(CarpenterSon's shop/garage, minus sliding doors)
In other news, the shop that was built for CarpenterSon is complete!  The men did it all themselves and it looks great!  Today I helped my boy brush on the oil to preserve the raw wood boards and batten that are the exterior of the shop/garage.  I am so glad that he bought himself a sprayer so he could do the majority of the work spraying on the oil.  I brushed around windows and doors and next to the roof line.  Now he's ready to put up workbenches and set everything up the way he wants it.  One more job that we were able to complete during this stretch of Indian Summer.

Yesterday the vet and his helper came to fertility test the bulls.  I was in charge of fixing a lunch, and since Dad gave me another bucketful of his apples, I decided an apple pie would be nice.  I have the very best pie dough recipe that I make.  It was given to me by a farmwife many years ago and I still use it for every pie I bake.  It makes a big batch of 7 single pie shells so I roll it all out and lay it in pie plates and then bake what I want for the moment and freeze the rest for later.  I had a couple of frozen crusts left in the freezer so an apple pie was whacked up fairly fast!  MMMMmmmmm good!  I didn't get a picture of the finished pie, but trust me, it was good!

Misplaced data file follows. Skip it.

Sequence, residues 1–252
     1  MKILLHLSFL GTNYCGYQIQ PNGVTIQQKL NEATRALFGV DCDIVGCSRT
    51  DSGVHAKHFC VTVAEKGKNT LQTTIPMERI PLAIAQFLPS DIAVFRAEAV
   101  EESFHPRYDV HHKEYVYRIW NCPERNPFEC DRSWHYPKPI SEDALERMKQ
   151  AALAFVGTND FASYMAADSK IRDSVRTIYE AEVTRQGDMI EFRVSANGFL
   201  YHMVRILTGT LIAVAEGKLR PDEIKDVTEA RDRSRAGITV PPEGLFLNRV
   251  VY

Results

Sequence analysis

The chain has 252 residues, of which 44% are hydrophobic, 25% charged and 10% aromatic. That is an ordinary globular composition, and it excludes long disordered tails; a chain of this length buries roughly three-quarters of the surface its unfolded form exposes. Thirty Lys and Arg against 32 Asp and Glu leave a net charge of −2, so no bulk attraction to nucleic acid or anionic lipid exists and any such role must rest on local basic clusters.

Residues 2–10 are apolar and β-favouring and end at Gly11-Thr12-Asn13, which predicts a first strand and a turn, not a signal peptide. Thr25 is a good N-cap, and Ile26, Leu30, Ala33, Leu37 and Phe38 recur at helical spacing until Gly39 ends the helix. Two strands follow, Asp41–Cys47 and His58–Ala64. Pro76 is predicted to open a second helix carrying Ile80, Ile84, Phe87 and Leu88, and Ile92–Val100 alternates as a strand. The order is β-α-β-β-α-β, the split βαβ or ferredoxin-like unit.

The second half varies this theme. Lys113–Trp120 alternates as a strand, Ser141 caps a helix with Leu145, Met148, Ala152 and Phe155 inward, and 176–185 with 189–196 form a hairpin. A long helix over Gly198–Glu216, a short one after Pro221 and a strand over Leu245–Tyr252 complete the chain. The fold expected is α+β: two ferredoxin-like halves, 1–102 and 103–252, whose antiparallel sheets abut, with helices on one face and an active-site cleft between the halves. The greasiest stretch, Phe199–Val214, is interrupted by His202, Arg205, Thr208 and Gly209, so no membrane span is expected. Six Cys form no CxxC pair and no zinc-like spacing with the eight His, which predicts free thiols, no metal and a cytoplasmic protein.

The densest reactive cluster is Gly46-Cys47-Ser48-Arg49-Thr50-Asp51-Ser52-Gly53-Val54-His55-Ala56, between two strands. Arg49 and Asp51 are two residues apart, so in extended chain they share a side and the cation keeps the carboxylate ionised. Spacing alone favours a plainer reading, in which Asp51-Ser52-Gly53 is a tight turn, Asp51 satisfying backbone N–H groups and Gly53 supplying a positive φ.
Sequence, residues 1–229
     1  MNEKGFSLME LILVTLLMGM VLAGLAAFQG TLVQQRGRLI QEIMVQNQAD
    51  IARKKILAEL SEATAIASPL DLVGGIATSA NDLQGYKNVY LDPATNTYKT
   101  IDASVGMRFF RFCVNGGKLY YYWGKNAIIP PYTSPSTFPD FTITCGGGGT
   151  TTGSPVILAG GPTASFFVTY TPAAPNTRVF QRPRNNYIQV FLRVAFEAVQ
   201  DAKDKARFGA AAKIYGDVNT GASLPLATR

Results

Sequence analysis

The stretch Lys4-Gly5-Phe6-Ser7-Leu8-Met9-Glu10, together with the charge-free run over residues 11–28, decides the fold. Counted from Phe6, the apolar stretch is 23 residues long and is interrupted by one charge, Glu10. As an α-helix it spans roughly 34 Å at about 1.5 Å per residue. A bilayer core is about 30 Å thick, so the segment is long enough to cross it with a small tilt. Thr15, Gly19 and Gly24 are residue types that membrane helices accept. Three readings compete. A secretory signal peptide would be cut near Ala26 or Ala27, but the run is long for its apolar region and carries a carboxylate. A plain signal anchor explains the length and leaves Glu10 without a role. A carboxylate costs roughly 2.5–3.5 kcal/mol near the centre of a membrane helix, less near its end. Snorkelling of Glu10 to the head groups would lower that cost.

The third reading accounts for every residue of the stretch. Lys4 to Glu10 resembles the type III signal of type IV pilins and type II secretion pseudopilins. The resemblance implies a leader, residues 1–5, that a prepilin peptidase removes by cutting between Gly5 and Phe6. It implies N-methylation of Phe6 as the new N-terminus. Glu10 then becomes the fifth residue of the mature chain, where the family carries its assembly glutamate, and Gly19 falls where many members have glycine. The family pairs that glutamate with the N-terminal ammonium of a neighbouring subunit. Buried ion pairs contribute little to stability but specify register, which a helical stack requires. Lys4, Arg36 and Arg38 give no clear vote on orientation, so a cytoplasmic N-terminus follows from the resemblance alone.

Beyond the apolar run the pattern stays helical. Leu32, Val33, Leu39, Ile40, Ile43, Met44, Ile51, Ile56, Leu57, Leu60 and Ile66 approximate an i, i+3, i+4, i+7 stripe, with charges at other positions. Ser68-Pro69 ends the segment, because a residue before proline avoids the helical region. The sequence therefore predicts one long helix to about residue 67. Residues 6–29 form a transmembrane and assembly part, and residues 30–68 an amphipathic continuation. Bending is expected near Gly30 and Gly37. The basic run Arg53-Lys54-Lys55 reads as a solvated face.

Big Batch Pie Crust

5 c. flour
2 c. lard (or other fat)
1 T. salt
2 t. sugar
1 egg,
Cold water

In a large bowl mix dry ingredients and Crisco together until it resembles small peas.
Add egg to a measuring cup, whisk and then add enough water to make 1 cup of liquid.
Gradually mix in water/egg mixture until dough stick together.  If needed, you may add a little water or reduce the water, but do so by the tablespoonful.

Divide dough into 6 or 7 pieces.  Roll out for pies.

*This dough freezes very well.  I usually roll out crusts, put them into pie plates and freeze with waxed paper between them and cover with 2 layers of plastic grocery bags.  So nice to pull a crust out of the freezer and have a quick pie.

I hope you're soaking up the sun (in your soul and your body) on these short fall days and save it up for winter.  And if you are in need of a cool down and rains where you live, I wish you that!  God bless you, friends.

Thursday, October 09, 2014

Simple things....

A perfect apple, the only one, found in the grass at the bottom of the tree by six-year-old hands.

Slicing the perfect apple and sharing it with loved ones.

Noon sunbathing on a cozy blanket on the lawn.

Taking a walk to the mailbox at sunset and hearing two Great Horned Owls calling to one another under a full moon.  (Listen here)

Grandchildren coming over for a visit.

Hanging clean laundry on the clothesline for a fresh-air drying.

Eye-ing sheep (shearing their faces) in preparation for winter snow and frost.

Yellow and orange Calendula flowers that persist through cold nights and little water.

Bees who are sucking up every last bit of nectar from their flowers before they wither and die.

The earthy smell of decaying fallen leaves.

Pulling up big orange carrots from the veggie patch as we need them.